In the summer, a cold glass of gazpacho feels like a sneaky indulgence — party food for the solo snacker. Though any soup makes a fine snack, the beauty of a puréed soup lies in its portability. Consider the following: Carrot Sweet-Potato Soup, Tomato-Orange Soup, Roasted Butternut Squash Soup, Golden Gazpacho, or Buttermilk Cucumber Gazpacho.
Eat more oats. Ever since I read about the health-boosting, lipid-lowering power of oats, I try to eat a serving a day. Often it’s for breakfast — oatmeal, muesli, oat groats, pancakes, or granola — but I also like oat-dense snacks. Trail Bars, oatmeal cookies, or a handful of granola all shush a growling stomach, especially when taken with a glass of milk.
Oatmeal cookies, especially good with a glass of milk.
Favorite oat collations on Culinate: Cowgirl Cookies with Dried Cherries and Dark Chocolate, Crumble Bars, Not-Quite-Monster Cookies, Spicy Oatmeal Cranberry Cookies, and Anything Goes Oatmeal Bread.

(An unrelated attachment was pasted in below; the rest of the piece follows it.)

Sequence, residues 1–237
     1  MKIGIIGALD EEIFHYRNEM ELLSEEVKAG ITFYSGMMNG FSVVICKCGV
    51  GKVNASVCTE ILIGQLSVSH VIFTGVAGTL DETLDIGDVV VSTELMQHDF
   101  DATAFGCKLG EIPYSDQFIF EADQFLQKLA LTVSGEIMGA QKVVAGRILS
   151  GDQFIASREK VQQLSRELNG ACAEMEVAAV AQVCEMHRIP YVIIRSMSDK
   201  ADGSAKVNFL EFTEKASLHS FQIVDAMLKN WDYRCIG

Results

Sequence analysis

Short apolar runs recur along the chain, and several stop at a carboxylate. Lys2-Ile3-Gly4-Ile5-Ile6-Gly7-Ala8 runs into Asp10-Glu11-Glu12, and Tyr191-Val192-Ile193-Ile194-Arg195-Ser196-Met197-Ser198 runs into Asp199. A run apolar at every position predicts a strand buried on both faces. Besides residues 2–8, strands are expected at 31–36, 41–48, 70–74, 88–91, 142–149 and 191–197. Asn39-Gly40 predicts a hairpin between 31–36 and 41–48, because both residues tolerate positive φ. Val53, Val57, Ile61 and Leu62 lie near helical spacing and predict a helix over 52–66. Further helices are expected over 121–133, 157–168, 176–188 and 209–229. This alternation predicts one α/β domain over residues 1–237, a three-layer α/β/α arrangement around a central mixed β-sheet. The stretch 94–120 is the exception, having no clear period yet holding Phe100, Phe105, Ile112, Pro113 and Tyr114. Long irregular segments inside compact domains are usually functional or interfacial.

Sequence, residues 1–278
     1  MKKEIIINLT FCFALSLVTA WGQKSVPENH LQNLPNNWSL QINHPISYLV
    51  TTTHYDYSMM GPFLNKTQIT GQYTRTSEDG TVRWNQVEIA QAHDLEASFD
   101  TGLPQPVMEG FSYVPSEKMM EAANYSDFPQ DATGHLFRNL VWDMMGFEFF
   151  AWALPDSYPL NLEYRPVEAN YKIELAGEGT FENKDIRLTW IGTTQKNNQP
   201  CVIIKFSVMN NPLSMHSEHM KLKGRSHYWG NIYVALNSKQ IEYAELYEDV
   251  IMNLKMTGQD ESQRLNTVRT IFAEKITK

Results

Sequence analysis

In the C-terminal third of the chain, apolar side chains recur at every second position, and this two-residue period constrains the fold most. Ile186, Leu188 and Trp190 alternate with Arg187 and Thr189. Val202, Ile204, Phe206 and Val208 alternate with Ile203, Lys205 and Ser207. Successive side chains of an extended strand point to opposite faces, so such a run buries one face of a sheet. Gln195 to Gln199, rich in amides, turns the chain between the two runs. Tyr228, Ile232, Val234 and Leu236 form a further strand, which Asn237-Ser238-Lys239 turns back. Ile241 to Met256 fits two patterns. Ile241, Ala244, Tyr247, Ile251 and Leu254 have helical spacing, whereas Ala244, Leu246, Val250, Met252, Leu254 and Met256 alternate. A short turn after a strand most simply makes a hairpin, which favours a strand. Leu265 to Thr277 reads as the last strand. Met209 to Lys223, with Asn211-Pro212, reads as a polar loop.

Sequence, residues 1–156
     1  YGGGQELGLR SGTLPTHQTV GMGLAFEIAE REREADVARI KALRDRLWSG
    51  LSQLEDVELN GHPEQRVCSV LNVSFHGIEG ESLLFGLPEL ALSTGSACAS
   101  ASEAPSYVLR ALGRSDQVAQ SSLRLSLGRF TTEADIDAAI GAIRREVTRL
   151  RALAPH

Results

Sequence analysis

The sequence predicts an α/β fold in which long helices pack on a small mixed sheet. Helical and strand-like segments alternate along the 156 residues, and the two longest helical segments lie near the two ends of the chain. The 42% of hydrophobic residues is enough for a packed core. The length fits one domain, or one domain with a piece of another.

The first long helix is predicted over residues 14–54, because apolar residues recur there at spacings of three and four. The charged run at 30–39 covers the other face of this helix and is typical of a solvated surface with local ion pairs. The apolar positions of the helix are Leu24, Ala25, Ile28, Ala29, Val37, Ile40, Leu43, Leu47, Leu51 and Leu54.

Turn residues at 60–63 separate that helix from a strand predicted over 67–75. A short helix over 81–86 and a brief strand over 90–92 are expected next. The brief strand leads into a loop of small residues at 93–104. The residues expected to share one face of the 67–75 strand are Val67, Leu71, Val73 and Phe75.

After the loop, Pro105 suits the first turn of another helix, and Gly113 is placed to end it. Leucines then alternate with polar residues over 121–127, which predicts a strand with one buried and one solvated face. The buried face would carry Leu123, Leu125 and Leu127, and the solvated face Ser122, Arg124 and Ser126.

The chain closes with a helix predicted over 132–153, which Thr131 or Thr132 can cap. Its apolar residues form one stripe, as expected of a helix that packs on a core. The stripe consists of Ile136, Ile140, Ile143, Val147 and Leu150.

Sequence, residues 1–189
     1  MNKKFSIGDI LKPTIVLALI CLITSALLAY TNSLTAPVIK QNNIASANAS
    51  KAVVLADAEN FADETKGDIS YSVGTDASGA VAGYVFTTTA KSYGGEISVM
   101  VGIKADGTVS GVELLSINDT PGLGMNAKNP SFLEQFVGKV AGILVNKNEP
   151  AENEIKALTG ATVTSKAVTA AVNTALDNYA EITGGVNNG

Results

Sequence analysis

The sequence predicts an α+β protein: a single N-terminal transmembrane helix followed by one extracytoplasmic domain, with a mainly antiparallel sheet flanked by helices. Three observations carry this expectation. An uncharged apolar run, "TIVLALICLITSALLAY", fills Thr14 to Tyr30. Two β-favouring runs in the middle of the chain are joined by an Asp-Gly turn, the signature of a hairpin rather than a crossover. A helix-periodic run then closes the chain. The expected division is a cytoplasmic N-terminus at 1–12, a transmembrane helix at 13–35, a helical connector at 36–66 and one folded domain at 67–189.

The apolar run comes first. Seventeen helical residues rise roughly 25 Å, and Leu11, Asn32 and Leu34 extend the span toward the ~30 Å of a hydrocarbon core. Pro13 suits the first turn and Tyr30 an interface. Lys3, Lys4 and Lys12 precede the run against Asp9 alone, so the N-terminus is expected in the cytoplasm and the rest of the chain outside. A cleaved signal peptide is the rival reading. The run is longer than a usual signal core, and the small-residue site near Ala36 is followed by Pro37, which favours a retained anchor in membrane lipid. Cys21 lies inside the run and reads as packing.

Peanut butter. In my family, growing up, if you didn’t like what was served for dinner, you could help yourself to a slice of bread and peanut butter. It was a staple in our house, standard after-school fare, sometimes pared down to spoonfuls straight out of the jar.
Peanut butter and apples.
This habit seems to be skipping a generation; my kids favor peanut butter as a dip for sliced apples, sandwiched between crackers, or worked into banana boats. Nutella, that unctuous blend of hazelnuts and chocolate, gets smeared on bread.
Yogurt. My fallback snack when I’m famished but don’t have time to make anything: Nancy's Maple Yogurt, only available in a single-serving size. Otherwise, I’ll spoon a couple of scoops of plain yogurt into a bowl and top it with fresh berries and a drizzle of honey, homemade jam, or compote.
My kids prefer smoothies: toss one or two bananas into the blender with a splash of orange juice and a couple of cups of fresh fruit (and a handful of ice) or frozen fruit (berries, mangoes), then whiz into a purée. Add as much yogurt as you like, then blend until well mixed. Other variations on the same theme include Fruit and Yogurt Smoothie, The All-Banana Shake, and lassis, especially gratifying on a hot day: Salty Lassi with Cumin and Mint and Mango Lassi.
Carrie Floyd is Culinate’s recipe editor.